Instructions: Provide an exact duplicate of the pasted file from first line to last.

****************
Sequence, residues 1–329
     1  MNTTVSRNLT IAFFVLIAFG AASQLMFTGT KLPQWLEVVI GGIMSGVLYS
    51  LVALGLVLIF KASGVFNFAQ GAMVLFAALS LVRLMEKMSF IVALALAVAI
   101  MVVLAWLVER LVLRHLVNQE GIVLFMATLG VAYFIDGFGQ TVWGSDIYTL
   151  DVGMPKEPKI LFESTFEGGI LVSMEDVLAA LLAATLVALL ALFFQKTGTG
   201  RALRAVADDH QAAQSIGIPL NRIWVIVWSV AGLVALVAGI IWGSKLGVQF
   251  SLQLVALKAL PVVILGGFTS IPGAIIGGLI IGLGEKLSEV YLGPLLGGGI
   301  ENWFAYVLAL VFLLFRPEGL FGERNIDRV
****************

Sequence, residues 1–329
     1  MNTTVSRNLT IAFFVLIAFG AASQLMFTGT KLPQWLEVVI GGIMSGVLYS
    51  LVALGLVLIF KASGVFNFAQ GAMVLFAALS LVRLMEKMSF IVALALAVAI
   101  MVVLAWLVER LVLRHLVNQE GIVLFMATLG VAYFIDGFGQ TVWGSDIYTL
   151  DVGMPKEPKI LFESTFEGGI LVSMEDVLAA LLAATLVALL ALFFQKTGTG
   201  RALRAVADDH QAAQSIGIPL NRIWVIVWSV AGLVALVAGI IWGSKLGVQF
   251  SLQLVALKAL PVVILGGFTS IPGAIIGGLI IGLGEKLSEV YLGPLLGGGI
   301  ENWFAYVLAL VFLLFRPEGL FGERNIDRV